Because our home’s so far away,
I’m the first picked up by the bus each day
and the very first stop after school –
which makes every student on our route
sit forty minutes more each afternoon
and me, an unwelcome sight.
Full of hormones and hate,
those in last few rows of the long, yellow bus
moan and groan
as soon as I climb on,
making me nervously skitter to the nearest seat
where I crouch and hide and wait.
The hardcore insults come later
cloaked in the anonymity of the rumbling and motion
of our rolling prison.
Deaf to what he hears,
the bus driver just stares ahead
and goes where he’s told.
United by the same neighborhood,
in the opposite direction,
they snarl and nip at the back of my neck –
piercing my thin skin.
It’s us versus them,
in every nasty word.
But the “them” they think I am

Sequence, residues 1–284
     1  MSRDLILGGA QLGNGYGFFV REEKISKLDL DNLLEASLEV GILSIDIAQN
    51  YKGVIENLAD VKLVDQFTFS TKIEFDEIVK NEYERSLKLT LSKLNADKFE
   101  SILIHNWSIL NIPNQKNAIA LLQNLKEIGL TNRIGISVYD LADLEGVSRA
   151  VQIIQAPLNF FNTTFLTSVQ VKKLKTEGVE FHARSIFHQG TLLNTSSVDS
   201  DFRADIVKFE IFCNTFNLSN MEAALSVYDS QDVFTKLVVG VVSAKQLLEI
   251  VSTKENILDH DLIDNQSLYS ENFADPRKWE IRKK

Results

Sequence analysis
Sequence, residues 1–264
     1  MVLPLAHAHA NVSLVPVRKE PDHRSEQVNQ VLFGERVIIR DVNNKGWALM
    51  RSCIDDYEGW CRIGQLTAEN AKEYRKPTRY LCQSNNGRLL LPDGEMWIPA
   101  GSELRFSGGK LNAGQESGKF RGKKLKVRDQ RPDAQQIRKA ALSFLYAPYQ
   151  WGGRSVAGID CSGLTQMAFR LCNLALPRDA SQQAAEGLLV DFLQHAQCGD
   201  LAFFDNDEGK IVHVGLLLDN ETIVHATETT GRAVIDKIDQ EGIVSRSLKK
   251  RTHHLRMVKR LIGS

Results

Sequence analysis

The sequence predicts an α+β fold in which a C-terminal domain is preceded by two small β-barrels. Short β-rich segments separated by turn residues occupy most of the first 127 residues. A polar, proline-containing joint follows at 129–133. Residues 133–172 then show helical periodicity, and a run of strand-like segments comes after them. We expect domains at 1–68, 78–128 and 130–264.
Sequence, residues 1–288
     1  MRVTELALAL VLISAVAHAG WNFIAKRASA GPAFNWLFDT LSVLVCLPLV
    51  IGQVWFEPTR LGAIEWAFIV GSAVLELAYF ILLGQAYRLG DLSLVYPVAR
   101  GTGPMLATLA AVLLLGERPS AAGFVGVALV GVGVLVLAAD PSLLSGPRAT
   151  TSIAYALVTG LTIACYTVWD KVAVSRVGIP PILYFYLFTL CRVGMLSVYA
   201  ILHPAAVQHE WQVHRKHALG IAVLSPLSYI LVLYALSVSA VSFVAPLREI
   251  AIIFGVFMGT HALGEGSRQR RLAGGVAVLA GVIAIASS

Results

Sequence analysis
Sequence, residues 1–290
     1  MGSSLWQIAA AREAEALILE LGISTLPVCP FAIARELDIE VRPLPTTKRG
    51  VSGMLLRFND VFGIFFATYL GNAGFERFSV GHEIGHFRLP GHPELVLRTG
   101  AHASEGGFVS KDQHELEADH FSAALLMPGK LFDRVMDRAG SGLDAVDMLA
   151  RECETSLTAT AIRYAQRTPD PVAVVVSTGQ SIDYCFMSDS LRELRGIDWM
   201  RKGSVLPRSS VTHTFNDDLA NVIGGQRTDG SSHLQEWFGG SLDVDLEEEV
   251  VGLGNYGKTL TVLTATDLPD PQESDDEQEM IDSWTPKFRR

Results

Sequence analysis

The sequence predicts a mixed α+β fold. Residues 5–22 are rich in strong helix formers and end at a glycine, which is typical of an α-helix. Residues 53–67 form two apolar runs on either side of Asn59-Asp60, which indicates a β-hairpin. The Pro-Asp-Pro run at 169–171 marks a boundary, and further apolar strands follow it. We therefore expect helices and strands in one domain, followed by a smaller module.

is absolutely absurd.
When their rabid, backseat words
have more than their usual bite,
I step from the bus
and race to the woods,
searching for a way to shake the hurt
in the thick, dim patches of unpeopled forest.
I disappear among the ember-colored leaves
which cap the many trees of Shoreacres
before the heavy freeze
steals the color from the land.
And there, I simply am.
Where I step to the sound of my breathing,
the movement of the clouds,
and to the busy hush of forest life about,
reminding me to go about my own;
and to heal my wounds
with the comforts of home.